How are you measuring that? Growing from 1 unit sold to 10 units sold yields a more impressive percent gain than moving from 900,000 units sold to 1,000,000 units sold, but who could argue, straight faced, that it's relevant?

  • by Anonymous Coward on Saturday July 20, 2013 @05:07PM (#44338229)

    HA HA, TIME TO CHANGE THE COMPANY TO HARDWARE AND SERVICES. UH OHHH

    Steve SERIOUSLY fucked up hard.
    I wonder how long it will take for people to vote to kick him out.

    Not only are people NOT buying their hardware, barely anyone is buying their services either.
    Meanwhile their OS and Office apps are still the thing that makes them even exist.
    And the one thing they depend most on, the business types, THEY SHAFT THEM ENTIRELY WITH THE NEW OS.
    Great idea Baldness, great idea. Doing the company proud. And then Technet got killed. Up next, MSDN on the chopping board.
    Not to mention Xbone. I seriously thought the whole 180 reversal on the DRM was some sort of reverse bait and switch, "hey, have our shitty product!", everyone hates it, "HAAA, gotcha, here, but seriously, have our less shitty product! We removed the really good features and the really bad features!".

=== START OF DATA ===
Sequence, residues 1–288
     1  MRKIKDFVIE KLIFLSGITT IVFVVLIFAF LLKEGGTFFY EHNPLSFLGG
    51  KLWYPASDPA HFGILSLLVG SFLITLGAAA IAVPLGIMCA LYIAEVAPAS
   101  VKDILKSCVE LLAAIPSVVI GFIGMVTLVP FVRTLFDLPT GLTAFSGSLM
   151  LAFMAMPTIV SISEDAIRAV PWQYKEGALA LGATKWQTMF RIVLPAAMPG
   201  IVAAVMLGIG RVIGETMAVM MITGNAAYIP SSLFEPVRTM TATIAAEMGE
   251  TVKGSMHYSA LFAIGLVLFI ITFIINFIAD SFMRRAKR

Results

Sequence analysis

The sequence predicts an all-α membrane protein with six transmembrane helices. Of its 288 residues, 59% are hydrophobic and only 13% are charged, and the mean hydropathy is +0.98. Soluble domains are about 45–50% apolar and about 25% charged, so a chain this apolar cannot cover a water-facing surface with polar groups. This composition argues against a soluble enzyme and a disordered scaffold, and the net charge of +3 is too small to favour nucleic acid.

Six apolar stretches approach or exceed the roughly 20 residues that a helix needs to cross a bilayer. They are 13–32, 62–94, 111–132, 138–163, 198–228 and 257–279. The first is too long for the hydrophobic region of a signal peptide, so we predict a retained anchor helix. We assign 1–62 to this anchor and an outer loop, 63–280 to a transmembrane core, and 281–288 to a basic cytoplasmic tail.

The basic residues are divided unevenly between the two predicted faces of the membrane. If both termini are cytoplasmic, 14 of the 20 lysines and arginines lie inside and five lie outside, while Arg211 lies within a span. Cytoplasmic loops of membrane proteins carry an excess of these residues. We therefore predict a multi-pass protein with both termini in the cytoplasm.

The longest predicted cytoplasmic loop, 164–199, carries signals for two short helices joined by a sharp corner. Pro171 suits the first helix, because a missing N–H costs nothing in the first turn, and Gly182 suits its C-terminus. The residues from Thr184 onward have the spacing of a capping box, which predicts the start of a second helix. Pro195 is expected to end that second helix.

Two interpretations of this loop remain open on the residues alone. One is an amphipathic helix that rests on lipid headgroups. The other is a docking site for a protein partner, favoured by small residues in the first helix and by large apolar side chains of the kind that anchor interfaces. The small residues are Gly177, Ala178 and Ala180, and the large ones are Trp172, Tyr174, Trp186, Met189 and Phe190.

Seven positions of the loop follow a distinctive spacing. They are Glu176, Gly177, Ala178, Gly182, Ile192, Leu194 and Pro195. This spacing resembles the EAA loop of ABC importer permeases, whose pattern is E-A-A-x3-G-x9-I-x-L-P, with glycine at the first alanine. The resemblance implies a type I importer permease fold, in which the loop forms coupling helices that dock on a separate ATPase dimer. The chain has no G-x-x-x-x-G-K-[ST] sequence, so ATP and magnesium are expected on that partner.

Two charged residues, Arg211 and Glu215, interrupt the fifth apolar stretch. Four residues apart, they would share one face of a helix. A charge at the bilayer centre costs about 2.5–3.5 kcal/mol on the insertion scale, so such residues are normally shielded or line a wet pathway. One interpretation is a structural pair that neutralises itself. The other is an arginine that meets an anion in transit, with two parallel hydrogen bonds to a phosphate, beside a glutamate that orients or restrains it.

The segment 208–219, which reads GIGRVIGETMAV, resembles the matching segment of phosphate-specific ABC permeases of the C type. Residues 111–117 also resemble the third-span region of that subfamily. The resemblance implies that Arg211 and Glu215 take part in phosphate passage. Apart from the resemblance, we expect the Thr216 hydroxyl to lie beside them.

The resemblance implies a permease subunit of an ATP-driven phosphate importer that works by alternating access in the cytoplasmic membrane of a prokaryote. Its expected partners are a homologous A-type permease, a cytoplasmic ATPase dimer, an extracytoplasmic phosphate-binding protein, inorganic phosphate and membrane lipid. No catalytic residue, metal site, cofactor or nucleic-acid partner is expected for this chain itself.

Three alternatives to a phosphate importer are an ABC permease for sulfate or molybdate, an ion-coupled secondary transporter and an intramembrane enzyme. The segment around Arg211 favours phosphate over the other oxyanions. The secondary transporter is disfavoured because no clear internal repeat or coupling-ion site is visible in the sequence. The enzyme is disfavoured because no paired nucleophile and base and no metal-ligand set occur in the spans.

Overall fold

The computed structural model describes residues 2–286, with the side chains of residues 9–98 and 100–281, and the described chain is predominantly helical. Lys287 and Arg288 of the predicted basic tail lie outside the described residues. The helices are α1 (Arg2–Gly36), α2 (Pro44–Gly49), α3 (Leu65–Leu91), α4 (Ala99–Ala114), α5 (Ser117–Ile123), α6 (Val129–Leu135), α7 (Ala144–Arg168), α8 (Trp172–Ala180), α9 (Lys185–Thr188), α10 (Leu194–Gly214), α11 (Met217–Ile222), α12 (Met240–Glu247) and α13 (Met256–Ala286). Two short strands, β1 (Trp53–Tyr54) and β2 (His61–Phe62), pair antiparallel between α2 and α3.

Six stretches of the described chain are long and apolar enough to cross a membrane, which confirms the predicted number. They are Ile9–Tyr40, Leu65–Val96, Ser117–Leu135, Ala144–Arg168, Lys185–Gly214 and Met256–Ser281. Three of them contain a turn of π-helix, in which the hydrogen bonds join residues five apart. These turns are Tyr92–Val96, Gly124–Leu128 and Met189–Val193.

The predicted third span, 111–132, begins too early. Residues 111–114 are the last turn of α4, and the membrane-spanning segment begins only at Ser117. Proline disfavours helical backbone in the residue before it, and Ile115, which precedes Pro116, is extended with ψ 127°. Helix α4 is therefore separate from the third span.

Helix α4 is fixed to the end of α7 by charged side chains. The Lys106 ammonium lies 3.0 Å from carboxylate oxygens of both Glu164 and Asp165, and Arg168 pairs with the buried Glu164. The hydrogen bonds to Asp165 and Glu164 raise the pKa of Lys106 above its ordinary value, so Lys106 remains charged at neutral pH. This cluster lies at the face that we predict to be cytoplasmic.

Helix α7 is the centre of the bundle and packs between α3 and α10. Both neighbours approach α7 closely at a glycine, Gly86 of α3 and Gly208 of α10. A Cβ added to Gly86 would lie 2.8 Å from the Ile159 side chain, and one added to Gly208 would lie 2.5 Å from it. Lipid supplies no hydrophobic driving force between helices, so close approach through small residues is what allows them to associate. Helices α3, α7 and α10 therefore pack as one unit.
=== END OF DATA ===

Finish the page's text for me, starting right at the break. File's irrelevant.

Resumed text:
They seriously never done that though, they ACTUALLY designed it like that, and after Don was eliminated from the company floors, that further proves it. And the many thousands to million servers they had for Xbone now being touted for Azure instead probably.

    We won't see Microsoft die any time soon, but they will eject the monkey in control if this gets any worse.
    Linux will become more popular on the desktop as more games are moving to it, which will take a large chunk of gamers out of their income.
    Steam already has a decently large number of games supported now, and it is growing.
    People are seeing through Microsofts bullshit, took a while, but finally they are seeing them for what they are.

    • We won't see Microsoft die any time soon, but they will eject the monkey in control if this gets any worse.